Good ideas for maintenance
Special Topics - Aerospace Industry
Robert A. Donahue Jr., U.S. Army Aviation Center, Fort Rucker, Alabama
At the United States Army Aviation Center (USAAVNC), Fort Rucker, Alabama, the Army trains its helicopter and airplane pilots. USAAVNC's flight training operations are unique and challenging. Fort Rucker flies over 25 percent of the Army's annual flight hours on only 7 percent of the Army's aircraft inventory while using less than 10 percent of Aviation's repair parts. You may not notice it while driving through this quiet farming region, but here lies a “business” of hectic, continuous project management-bringing together the people, repair parts, tools, information, and money at the right time, right place, and in the right amount to economically launch over 700 training flights a day.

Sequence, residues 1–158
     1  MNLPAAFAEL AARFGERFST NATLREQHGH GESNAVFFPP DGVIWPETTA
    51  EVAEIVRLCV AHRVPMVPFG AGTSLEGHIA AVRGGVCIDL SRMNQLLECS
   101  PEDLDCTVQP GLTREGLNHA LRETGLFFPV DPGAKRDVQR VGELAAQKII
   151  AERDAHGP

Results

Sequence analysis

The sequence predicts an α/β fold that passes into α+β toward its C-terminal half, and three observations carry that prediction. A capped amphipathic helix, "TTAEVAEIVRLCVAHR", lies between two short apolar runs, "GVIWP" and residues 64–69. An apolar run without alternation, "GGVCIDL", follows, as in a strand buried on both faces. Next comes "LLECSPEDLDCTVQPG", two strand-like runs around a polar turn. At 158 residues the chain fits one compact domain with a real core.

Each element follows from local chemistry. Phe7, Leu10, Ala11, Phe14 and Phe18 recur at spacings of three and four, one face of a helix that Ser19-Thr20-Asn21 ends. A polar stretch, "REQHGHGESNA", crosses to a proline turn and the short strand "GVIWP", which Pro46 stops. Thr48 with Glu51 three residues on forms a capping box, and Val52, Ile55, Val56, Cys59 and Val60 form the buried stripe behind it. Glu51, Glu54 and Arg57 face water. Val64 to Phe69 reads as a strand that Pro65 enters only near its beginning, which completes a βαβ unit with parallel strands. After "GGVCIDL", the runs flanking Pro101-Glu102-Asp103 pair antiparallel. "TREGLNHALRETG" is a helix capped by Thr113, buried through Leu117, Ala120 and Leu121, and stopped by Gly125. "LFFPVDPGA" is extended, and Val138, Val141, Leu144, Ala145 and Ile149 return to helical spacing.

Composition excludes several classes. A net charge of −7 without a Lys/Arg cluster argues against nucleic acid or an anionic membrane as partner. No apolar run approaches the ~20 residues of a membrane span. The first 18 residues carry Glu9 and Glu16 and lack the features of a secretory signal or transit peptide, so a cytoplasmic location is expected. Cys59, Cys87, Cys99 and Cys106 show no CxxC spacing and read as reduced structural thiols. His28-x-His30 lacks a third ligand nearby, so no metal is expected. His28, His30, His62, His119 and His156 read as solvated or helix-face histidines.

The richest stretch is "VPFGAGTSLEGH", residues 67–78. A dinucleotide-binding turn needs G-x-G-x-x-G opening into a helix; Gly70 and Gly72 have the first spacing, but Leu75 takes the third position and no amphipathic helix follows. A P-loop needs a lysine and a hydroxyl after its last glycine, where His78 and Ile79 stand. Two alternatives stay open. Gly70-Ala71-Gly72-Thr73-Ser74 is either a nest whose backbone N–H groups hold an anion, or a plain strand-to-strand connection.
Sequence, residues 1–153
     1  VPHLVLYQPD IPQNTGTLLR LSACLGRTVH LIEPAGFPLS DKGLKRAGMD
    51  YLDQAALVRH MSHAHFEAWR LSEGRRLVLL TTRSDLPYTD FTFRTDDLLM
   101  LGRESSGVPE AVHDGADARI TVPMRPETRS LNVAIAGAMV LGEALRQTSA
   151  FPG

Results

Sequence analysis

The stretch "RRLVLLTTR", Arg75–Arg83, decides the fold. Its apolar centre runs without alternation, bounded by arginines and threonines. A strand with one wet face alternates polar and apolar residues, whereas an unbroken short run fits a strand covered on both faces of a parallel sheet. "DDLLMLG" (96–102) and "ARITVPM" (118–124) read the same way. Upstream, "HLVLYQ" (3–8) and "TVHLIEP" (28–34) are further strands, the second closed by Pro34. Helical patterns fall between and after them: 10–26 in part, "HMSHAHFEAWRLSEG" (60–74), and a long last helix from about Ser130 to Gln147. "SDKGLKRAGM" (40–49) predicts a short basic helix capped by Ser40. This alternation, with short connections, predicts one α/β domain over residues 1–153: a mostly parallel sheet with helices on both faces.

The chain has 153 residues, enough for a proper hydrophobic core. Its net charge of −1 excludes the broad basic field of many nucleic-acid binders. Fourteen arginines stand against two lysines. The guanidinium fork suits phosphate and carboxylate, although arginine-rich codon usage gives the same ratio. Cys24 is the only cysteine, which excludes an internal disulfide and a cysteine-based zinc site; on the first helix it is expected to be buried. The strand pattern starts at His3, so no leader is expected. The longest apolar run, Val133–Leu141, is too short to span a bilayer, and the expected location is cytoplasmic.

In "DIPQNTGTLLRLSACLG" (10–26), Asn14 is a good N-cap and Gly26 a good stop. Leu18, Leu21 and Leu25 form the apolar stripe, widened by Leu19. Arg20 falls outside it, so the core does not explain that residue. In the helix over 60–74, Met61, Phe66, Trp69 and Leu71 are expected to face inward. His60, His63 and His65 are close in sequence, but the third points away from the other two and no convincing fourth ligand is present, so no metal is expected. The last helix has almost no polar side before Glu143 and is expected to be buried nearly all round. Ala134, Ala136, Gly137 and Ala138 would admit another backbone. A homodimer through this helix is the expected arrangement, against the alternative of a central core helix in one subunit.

For over 30 years, the Army and members of the Defense Aerospace Industry have teamed up to develop innovations, or “good ideas,” to meet this challenge. Here are four of these good ideas:
- Make an agreement or contract between the “operator” and the “maintainer” on maintenance support. Use automation systems to make this agreement work.
- Fix forward with “smart” diagnostic equipment.
- Relook and redesign weapon systems inspection programs.
- Resource to complete actual or anticipated mission requirements, focusing on sustainment, not arbitrary readiness goals.
You may not notice it while driving through this quiet farming region, but here lies a “business” of hectic, continuous project management-bringing together the people, repair parts, tools, information, and money at the right time, right place, and in the right amount to economically launch over 700 training flights a day.
I think it's important to share these ideas with project managers in general for three reasons: